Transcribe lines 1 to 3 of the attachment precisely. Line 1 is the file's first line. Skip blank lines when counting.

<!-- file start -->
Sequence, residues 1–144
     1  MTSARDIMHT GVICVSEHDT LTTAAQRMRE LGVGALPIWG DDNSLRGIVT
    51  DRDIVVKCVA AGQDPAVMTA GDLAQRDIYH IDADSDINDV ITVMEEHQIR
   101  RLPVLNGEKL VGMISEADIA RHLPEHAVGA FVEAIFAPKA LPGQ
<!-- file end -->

Sequence, residues 1–144
     1  MTSARDIMHT GVICVSEHDT LTTAAQRMRE LGVGALPIWG DDNSLRGIVT
    51  DRDIVVKCVA AGQDPAVMTA GDLAQRDIYH IDADSDINDV ITVMEEHQIR